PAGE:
These rules, if followed, will go a long way in making that family walk in the woods a good one. Having it be a good time, a good memory, that is the key to getting the kids – and you – to want to do it again. Hiking is a great exercise that can take your kids to great places as part of a life-long activity.

Some helpful websites for making the family hike fun and safe:

Hiking with Kids – American Hiking Society http://www.americanhiking.org/resources/hiking-with-kids/

• A short list of ideas to keep the hike “kid-friendly.”

Helpful Tips on Hiking – American Hiking Society

http://www.americanhiking.org/gear-resources/tips-for-your-next-hike/

• An excellent resource on everything you may need to know about getting started with hiking. From boots to bug-spray, rain gear to snacks, and safety and first-aide on the trail.

hiking

Kids and Hiking – REI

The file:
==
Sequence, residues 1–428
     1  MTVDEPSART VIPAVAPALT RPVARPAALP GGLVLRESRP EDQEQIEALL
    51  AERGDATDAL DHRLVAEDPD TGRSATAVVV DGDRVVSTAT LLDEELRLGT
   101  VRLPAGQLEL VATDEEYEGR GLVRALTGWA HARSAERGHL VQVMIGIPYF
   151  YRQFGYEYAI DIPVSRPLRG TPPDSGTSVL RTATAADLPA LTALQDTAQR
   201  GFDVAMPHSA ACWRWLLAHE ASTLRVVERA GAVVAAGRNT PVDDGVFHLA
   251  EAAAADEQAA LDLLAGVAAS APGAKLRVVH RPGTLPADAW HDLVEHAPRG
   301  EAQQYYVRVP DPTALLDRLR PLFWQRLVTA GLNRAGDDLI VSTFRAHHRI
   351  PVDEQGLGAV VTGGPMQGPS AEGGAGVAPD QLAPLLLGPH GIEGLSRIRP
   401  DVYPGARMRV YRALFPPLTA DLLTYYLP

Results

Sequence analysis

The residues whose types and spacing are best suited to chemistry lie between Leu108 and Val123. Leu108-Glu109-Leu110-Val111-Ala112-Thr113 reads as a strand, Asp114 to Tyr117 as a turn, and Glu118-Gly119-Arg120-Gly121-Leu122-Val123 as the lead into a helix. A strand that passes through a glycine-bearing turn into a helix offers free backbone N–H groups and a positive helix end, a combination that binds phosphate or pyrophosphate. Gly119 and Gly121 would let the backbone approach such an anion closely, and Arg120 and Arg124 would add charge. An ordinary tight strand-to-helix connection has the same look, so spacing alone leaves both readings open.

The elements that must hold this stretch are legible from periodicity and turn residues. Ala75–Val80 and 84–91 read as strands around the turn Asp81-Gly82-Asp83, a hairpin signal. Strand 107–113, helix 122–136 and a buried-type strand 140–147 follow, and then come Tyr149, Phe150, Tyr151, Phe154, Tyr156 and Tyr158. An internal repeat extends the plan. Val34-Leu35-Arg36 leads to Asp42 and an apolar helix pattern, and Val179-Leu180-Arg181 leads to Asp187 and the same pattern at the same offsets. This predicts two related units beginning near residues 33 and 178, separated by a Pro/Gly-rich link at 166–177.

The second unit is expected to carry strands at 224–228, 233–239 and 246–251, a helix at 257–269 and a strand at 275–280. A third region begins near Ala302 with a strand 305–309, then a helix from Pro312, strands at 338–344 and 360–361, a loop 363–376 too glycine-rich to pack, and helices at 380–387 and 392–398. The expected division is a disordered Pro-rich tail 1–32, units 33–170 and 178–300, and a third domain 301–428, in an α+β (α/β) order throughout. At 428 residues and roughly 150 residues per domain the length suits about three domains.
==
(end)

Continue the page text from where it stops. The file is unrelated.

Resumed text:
http://www.rei.com/learn/expert-advice/kids-hiking.html

Just Jeff’s Hiking Page

http://www.tothewoods.net/HikingWithKids.html

Tips for Hiking with Kids

http://www.wta.org/hiking-info/children/resources-for-families/how-to/tips-for-hiking-with-kids

 

Article by: Ned M Campbell is the head coach of James Madison High School’s wrestling team in Brooklyn, NY, and is a USA Wrestling nationally certified coach. He is a West Point graduate and former U.S. Army Officer, who also teaches history at James Madison teamHigh School.  Prior to teaching, Ned M Campbell worked with children and adults with disabilities during summer programs with IAHD and Southeast Consortium,  and volunteered time supporting a therapeutic horseback riding program for youth and adults with disabilities.

Campbell is a published writer, and a contributing writer to the “Can Do” Street blog for kids and parents. In addition, he is the voice of Coach Campbell in “Can Do” Street programs.

Editor’s Note: Be sure to check out Coach Campbell’s co-article for kids, on this subject, featured on the “Can Do” Kids blog at http://candostreet.com/blog-kids/